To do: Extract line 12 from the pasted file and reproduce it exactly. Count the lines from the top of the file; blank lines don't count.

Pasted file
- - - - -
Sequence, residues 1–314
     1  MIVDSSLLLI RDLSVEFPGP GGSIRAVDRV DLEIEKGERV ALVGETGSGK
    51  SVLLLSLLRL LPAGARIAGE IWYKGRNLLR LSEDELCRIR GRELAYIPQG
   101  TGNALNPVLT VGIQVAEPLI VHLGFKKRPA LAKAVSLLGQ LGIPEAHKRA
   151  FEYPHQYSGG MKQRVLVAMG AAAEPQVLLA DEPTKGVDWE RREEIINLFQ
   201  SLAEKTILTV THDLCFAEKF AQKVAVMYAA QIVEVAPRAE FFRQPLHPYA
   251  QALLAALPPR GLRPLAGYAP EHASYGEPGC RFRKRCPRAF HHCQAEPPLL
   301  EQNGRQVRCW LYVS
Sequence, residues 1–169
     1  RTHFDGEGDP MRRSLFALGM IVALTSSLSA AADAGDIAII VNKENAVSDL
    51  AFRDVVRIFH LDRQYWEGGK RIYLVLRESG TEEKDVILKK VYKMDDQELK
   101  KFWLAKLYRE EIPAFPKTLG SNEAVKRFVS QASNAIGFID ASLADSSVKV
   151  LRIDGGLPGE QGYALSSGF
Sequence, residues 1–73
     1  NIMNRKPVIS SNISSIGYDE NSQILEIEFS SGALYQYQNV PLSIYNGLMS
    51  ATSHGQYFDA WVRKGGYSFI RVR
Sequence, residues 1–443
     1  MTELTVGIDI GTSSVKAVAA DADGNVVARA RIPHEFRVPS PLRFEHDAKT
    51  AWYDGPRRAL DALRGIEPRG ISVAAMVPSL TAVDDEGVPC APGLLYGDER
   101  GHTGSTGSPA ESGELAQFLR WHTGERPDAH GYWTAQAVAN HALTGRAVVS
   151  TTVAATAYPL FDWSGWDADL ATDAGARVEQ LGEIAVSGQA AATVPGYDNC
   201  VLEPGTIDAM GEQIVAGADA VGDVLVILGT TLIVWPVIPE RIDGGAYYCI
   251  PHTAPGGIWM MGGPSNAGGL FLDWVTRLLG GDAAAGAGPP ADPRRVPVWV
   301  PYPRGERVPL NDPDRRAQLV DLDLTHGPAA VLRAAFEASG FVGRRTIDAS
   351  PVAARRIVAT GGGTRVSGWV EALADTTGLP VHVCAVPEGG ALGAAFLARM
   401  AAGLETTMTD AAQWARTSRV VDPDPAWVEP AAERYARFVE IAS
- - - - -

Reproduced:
   101  KFWLAKLYRE EIPAFPKTLG SNEAVKRFVS QASNAIGFID ASLADSSVKV